First published on the Golf Monthly website on Thursday August 7th 2008
Monsoon season has hit Aberdeenshire and Fergus is not impressed
Last night I watched a very interesting nature programme called “Lost Land of the Jaguar.” It’s a series documenting the efforts of a team of naturalists exploring a remote area of jungle in Guyana that’s never been surveyed before. They’ve found fascinating species from bird-eating spiders to those little fish that can swim up your urine and lodge themselves in places you really don’t want things lodged. I thought they were just a jungle myth, but no – They’re called Vampire Catfish or Candiru and they’re nasty little blood-sucking parasites.
Where was I going with this? Oh yes – At one point Dr Russel Mittermeier described the area they are working in as, “the greatest remaining rainforest wilderness on earth.” It is an incredible swathe of jungle but I can’t quite figure it out. In two episodes, it hardly seems to have rained at all. They all sleep and work outside and I haven’t seen one umbrella.
Perhaps on returning from Guyana the team should conduct a quick survey of my back garden. It might force Dr Mittermeier to reconsider his statement. OK, my garden isn’t huge and it’s not exactly forest, but when it comes to rain, it has all bases covered. It has been lashing down here now for what seems like weeks (it’s actually two days). I’m pretty sure it won’t be long before new species start evolving in my rockery. The rabbits are already developing gills and I’m pretty sure I saw a field mouse with webbed feet swimming past the kitchen window yesterday evening.
The weather is pretty tiresome and certainly not conducive to golf. Yesterday I was supposed to play in the midweek Stableford but, on arriving at the course, I was devastated to see the “Course Closed” sign up and a number of soggy golfers trudging back towards the clubhouse. Apparently the greens were unplayable.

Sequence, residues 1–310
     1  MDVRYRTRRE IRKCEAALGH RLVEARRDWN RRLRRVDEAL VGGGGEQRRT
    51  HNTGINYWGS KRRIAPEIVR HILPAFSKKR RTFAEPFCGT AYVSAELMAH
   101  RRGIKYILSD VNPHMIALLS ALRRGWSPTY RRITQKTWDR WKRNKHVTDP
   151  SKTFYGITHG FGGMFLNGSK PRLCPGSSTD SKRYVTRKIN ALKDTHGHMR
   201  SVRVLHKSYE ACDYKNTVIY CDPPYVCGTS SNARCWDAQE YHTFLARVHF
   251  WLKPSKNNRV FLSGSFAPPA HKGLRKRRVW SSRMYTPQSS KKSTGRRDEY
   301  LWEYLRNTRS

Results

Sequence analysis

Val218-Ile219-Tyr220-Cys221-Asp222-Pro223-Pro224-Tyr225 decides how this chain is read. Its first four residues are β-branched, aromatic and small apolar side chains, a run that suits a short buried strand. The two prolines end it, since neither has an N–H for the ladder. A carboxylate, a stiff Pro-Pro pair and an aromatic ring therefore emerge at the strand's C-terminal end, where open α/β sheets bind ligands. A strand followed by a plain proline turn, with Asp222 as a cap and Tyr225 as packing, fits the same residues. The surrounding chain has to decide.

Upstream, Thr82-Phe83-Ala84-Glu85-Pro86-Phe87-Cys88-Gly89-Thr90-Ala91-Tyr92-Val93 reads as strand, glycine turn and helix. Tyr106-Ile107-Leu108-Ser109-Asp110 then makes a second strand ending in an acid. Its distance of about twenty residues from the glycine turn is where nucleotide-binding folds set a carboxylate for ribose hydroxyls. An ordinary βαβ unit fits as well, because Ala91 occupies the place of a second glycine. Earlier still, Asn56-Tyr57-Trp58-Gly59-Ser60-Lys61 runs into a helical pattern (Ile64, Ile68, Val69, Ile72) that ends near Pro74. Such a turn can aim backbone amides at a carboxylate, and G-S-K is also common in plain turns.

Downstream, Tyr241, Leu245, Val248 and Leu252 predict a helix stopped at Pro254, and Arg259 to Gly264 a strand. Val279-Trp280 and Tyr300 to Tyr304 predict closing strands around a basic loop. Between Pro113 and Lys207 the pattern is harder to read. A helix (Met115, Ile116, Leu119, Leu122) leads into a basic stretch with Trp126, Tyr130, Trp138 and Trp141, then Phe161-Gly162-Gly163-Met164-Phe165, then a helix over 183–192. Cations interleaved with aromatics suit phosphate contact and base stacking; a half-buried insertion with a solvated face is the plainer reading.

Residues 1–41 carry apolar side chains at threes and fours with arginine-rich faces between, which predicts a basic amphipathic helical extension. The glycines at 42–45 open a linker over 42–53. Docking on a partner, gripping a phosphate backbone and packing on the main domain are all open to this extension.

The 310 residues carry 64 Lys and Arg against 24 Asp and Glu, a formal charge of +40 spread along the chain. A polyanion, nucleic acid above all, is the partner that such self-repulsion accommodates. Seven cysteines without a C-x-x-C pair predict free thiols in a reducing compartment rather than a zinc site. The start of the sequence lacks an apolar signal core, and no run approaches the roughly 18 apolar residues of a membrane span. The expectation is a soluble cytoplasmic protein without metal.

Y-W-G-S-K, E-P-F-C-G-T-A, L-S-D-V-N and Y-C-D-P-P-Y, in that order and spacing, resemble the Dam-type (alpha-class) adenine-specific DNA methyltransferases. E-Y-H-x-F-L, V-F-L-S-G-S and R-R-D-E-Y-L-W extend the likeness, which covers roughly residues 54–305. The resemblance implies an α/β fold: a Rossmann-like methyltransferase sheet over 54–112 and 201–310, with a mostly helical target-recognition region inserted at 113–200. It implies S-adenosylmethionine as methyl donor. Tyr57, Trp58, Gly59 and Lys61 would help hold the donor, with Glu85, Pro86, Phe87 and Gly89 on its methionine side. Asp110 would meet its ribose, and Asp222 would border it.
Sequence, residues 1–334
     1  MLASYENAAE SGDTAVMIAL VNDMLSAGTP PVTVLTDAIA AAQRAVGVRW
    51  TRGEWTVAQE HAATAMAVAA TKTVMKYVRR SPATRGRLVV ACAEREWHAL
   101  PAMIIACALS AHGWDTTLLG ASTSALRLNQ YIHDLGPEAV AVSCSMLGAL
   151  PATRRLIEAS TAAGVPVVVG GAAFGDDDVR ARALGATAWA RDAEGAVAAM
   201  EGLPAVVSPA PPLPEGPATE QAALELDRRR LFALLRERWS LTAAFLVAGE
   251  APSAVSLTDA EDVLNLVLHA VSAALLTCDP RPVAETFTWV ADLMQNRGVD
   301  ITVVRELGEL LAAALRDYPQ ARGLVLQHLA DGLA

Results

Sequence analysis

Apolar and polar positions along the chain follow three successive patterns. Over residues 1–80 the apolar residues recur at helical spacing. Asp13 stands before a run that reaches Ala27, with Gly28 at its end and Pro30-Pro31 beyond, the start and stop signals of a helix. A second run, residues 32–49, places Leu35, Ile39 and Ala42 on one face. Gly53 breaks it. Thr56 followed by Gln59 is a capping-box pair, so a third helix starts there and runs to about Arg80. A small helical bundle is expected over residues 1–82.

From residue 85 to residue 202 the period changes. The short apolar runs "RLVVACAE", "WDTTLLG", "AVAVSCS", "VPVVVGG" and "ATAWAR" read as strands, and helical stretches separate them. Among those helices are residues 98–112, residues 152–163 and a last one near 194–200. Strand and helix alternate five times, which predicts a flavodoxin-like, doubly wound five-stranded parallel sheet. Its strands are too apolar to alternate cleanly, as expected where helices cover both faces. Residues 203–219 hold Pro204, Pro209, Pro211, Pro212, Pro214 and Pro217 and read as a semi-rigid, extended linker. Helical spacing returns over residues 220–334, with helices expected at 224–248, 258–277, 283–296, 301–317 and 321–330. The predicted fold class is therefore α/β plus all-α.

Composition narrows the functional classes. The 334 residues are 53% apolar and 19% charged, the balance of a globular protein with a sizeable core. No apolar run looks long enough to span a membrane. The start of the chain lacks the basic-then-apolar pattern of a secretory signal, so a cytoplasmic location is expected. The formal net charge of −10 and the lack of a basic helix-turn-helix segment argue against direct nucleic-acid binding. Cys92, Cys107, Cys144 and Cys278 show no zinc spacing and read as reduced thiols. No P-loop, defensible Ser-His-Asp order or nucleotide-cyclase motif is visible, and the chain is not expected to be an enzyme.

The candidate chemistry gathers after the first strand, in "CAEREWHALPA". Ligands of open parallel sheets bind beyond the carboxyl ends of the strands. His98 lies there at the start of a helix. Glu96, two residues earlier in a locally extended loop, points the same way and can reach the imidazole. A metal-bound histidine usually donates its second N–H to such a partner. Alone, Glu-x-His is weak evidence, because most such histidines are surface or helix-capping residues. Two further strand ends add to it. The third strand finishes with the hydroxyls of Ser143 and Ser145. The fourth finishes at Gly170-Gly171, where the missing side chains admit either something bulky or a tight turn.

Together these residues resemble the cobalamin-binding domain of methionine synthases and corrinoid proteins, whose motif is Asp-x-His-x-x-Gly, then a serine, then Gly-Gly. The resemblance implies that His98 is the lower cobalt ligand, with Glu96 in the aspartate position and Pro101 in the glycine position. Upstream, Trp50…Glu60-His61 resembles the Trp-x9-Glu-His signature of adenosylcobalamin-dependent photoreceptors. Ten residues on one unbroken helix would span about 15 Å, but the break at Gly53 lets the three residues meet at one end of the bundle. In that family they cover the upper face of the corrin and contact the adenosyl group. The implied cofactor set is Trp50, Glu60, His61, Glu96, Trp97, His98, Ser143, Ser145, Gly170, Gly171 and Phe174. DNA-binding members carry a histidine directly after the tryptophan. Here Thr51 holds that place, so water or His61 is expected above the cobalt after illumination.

As regular readers know, I will play in any conditions and there’s nothing that irks me more than for a course to be closed. In my opinion it should be up to the individual whether they’re feeling brave enough to go out. I agree, it was right for the competition to be cancelled, but I think it should have been up to me whether I went out for a bat or not.
Something that worries me as much as not getting a game is how this will affect me when I’m an old man. It’s the prerogative of old people to smugly tell youngsters how soft they are. The course closes for a bit of rain and they say, “In my day the course never closed. I played a medal round during the great blizzard of ’56. The snow was coming at me horizontally and the course was under six-foot drifts. And what’s more, I broke par.”
When I’m older and more cantankerous I won’t have this option. I’ll have to say, “When I was young, the course used to close when there was the slightest hint of rain. We really didn’t like getting our feet wet in those days.” It’s a shame.
It’s the 36-hole men’s Open at Banchory on Saturday and all signs are pointing towards more monsoon-like conditions. When checking weather forecasts I have about 15 websites I visit to try and find one that gives a slightly more promising outlook. But, this time, I’m struggling. There are a couple of sites that place only two raindrops rather than three above Deeside but the general consensus is for continuing wetness. Thank god the USPGA will be on in the evenings or this could have been a completely golf-free weekend.
I know what I can do, I’ll use Flora’s paddling pool as a makeshift dinghy, head out into the garden with a video camera and see if I can get some footage of a fox with flippers.